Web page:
These good works will equal anything a truly good person would do. The difference in the heart will become obvious with time. I think this is the reason was have so many scandles in politics. People try so hard to live the visible good public life - they need to display honesty somewhere, and their private lives always tell the tale.

The truly good person is good when no one is watching. I believe this is the only sustainable good - true internal good.
 
  • #30
selfAdjoint
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Oh I agree, and perhaps Hannah Arendt would agree, although she might be skeptical that it could be sustained. But it's like geniuses and masters of the arts. If the world had to wait for saints in order to work, it would be a desert. As the founders of the US were perfectly clear, politics is made of real people, who have real faults.
 
  • #31
Bernardo
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If the world had to wait for saints in order to work, it would be a desert.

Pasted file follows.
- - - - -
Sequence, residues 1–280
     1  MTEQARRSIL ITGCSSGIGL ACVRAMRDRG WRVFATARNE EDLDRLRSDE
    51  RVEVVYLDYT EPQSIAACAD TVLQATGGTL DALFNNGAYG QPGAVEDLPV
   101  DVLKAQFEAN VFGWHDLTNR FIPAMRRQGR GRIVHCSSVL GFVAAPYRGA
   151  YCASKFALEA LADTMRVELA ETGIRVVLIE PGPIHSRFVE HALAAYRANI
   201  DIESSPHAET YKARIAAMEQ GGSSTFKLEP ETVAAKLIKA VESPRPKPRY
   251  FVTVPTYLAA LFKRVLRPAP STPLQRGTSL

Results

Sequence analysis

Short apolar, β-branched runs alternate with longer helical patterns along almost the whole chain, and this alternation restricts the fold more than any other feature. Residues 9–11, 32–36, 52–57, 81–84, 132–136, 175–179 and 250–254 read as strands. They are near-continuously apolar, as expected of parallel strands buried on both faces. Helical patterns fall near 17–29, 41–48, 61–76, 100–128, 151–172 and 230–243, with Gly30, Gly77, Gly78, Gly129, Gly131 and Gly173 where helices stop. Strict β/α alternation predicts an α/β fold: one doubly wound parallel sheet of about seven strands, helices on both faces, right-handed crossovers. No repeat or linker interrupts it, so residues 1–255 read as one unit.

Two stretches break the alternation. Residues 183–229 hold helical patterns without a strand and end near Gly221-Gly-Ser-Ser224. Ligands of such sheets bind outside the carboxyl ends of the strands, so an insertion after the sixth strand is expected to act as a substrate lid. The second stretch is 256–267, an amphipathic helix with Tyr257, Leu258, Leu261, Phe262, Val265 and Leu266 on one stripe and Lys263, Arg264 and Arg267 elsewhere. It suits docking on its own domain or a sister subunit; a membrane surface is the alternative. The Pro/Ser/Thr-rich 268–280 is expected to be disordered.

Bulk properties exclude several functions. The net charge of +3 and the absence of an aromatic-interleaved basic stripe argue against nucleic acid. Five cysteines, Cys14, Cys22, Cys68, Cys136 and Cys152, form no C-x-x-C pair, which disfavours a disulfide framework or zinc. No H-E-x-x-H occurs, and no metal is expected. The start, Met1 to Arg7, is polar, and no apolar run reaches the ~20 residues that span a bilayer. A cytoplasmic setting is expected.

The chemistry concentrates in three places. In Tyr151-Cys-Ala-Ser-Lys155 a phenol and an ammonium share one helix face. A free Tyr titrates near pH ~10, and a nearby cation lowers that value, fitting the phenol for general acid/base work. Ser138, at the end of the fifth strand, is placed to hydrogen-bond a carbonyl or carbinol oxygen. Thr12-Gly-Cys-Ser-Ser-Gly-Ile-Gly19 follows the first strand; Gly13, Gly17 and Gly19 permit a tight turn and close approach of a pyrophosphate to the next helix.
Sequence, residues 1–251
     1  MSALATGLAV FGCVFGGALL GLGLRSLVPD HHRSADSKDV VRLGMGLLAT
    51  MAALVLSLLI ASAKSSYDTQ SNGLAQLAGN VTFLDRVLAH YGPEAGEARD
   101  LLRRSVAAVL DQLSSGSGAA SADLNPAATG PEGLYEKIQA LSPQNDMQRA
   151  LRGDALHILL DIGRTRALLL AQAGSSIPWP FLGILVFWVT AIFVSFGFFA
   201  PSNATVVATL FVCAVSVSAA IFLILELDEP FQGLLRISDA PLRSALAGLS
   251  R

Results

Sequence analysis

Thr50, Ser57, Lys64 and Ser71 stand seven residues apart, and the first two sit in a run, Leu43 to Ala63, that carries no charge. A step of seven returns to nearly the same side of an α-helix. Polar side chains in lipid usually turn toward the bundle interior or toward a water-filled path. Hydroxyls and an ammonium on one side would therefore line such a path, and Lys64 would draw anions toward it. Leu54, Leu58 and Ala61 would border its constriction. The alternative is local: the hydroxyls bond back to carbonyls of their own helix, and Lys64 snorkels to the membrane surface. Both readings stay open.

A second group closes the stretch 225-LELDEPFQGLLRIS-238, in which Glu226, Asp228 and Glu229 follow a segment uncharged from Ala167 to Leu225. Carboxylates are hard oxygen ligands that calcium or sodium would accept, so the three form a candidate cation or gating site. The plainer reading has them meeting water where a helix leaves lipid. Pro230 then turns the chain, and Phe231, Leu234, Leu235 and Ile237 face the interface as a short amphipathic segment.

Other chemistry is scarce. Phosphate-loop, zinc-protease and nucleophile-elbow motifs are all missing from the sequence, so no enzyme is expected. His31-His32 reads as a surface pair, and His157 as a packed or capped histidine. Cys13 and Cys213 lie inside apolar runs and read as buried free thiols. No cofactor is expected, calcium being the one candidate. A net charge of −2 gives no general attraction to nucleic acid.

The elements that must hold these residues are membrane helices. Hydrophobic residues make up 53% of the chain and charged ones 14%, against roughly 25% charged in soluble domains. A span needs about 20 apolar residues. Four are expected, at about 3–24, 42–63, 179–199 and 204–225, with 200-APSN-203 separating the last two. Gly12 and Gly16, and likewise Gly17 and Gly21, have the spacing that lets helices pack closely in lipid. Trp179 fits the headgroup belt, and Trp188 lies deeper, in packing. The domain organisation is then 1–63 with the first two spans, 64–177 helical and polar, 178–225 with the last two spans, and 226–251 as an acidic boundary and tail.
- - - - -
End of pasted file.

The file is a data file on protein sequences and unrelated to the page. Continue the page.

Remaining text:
Very sad, but very true.

I'm not sure who said this but, "the only thing needed for evil to triumph is for good people to do nothing."

and this happens far too much.

Here's a question - Is being 'politically correct' an excuse for moral weakness? I think it is.
 
  • #32
THANOS
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Ahh... but a truly good pretender will do good when no one watches incase of prying eyes.
 
  • #33
selfAdjoint
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Originally posted by Bernardo
If the world had to wait for saints in order to work, it would be a desert.

Very sad, but very true.

I'm not sure who said this but, "the only thing needed for evil to triumph is for good people to do nothing."

and this happens far too much.